Containment dike construction is an important part of defining marsh creation areas and retaining hydraulically dredged and pumped slurry in order to form a new marsh platform. Excavators mounted on amphibious, tracked buggies are common tools for containment dike construction. Photo credir: Sellers & Associates, Inc.

The agencies requesting the design generally ask for estimates of cut-to-fill ratios for containment dike construction and marsh creation fill. While there are publications and geometries that we use to provide those estimates, data from constructed projects provides better insight into the cut-to-fill issue. Sediment losses during dredging, settlement during construction, mud-waving of foundation soils during fill placement, and other reallife variables are difficult to predict with any degree of certainty from the comfort of an air-conditioned office. A database of real as-built information will go farther in helping design engineers and planners than the numbers generated based on theory.

 

Results
The end result of a geotechnical marsh creation study is a report cataloging field exploration results, lab testing results, and engineering results and recommendations. The report should provide insights into the project constructability and potential red flags for using the site as a containment dike foundation. Alternative ways to build containment dikes, such as using geotextile fabric reinforcement under the dike, building the dike in several stages with a prescribed amount of time between each stage, or reducing the fill load by using fill alternatives (e.g., hay bales) should be discussed. Deep gaps with significant tidal flow or site drainage may need to be closed with an earth retention structure like a sheet pile wall or cellular cofferdam—the report should describe design considerations for those too, if needed. Construction recommendations about site access and use and other considerations to improve project implementation and chances for success should close out the report.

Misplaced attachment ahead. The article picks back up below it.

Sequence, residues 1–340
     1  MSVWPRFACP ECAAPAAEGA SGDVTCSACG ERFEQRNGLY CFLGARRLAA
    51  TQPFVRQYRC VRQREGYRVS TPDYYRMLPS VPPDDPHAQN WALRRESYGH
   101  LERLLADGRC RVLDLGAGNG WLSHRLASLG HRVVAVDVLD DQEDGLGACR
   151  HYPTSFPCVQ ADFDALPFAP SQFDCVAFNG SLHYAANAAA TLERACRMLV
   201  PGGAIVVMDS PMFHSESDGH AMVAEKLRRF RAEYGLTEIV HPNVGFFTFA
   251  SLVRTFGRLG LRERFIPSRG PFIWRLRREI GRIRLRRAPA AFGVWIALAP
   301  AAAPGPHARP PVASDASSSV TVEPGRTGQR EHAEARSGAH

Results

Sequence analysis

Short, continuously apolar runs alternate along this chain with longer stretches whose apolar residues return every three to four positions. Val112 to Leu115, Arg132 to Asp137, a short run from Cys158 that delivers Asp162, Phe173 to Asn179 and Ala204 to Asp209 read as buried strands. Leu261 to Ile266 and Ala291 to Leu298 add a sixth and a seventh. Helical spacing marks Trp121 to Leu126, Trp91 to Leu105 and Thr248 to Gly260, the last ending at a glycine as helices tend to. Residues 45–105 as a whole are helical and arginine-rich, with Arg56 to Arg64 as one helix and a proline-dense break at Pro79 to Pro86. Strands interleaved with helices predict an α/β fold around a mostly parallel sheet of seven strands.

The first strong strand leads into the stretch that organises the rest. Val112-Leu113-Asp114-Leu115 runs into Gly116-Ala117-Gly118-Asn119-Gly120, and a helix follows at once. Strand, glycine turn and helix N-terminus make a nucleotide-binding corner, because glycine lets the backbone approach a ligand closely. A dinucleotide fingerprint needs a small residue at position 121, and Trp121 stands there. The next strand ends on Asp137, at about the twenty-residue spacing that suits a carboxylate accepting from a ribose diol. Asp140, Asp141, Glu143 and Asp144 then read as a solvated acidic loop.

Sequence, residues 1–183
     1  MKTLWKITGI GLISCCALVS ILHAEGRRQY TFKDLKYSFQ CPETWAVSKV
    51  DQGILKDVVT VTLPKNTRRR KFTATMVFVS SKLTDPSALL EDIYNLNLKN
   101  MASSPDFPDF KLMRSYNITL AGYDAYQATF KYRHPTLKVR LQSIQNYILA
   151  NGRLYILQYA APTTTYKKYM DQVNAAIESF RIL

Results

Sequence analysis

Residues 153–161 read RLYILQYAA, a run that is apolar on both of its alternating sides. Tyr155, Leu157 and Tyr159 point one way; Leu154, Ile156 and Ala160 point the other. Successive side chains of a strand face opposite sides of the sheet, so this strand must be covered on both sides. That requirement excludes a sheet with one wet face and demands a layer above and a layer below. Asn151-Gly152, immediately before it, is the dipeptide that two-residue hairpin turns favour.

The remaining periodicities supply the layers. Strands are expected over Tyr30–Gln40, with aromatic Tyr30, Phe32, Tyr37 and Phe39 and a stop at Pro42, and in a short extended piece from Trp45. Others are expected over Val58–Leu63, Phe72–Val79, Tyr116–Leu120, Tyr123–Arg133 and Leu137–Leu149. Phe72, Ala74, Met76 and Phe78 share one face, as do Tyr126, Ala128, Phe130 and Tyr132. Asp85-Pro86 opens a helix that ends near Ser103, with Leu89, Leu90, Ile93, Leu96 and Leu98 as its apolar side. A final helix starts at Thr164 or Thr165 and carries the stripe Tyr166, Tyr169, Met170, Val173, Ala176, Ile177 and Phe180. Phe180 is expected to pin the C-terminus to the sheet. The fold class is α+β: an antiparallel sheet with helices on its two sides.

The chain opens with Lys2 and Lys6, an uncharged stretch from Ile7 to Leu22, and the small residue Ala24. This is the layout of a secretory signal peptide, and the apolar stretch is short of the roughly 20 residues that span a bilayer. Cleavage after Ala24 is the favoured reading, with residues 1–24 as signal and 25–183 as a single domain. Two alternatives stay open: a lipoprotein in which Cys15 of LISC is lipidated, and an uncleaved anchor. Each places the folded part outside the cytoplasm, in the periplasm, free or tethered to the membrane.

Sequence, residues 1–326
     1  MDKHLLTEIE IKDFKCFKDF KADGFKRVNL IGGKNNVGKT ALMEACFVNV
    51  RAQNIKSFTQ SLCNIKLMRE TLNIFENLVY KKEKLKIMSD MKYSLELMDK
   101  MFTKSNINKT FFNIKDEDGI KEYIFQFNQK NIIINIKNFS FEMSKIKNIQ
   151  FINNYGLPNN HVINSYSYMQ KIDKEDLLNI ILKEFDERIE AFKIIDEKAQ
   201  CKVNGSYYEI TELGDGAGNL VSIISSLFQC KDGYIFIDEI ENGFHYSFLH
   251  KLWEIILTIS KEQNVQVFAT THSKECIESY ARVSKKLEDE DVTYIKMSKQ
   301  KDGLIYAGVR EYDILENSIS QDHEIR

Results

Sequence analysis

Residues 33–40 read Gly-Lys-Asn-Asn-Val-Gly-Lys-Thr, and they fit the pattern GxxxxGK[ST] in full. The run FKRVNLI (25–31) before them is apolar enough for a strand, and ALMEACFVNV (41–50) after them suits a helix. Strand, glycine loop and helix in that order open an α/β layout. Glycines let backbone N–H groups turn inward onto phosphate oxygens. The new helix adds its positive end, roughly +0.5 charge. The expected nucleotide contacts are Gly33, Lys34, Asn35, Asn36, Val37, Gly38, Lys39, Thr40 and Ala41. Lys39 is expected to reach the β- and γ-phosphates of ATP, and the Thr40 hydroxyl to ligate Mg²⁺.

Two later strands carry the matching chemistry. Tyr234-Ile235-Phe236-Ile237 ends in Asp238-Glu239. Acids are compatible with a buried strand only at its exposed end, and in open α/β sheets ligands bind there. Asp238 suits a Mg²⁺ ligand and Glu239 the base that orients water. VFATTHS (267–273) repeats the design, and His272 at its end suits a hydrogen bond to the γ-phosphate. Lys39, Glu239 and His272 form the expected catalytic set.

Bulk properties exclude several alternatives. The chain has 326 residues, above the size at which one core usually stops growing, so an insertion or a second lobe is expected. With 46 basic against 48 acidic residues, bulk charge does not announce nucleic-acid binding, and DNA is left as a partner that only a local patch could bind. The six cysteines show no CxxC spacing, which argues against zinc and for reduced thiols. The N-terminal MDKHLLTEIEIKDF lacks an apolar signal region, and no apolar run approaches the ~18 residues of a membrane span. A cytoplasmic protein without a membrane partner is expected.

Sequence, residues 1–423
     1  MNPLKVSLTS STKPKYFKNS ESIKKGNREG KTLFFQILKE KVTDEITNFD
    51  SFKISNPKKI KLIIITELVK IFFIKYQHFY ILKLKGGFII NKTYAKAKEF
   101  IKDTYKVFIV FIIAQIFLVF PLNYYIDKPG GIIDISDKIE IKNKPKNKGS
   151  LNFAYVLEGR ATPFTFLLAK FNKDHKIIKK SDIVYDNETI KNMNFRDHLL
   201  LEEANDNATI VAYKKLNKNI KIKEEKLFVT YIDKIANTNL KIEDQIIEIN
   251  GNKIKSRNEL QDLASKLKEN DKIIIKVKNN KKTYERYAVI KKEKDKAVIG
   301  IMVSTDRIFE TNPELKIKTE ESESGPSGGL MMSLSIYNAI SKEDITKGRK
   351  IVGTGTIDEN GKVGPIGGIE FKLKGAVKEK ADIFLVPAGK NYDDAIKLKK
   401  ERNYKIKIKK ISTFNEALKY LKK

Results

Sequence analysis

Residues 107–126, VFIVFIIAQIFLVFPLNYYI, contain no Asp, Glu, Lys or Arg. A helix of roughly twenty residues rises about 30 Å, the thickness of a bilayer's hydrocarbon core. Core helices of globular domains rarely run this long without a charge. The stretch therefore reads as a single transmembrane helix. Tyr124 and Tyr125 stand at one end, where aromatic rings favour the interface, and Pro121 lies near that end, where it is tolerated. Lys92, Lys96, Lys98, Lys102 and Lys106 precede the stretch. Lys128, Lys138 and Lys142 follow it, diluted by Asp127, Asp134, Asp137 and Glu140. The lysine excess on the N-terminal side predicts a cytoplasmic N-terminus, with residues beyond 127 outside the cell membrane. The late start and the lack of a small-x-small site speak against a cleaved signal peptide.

Conclusion
In the end, the agency or organization that receives the report should be able to use the results to inform their go/no-go decision and get them well on their way to a successful marsh creation project.

So the next time you take a sip from your favorite ceramic mug, think of how Louisiana and its consulting engineers are remolding and replacing Louisiana’s eroding coast, one chunk of clay at a time.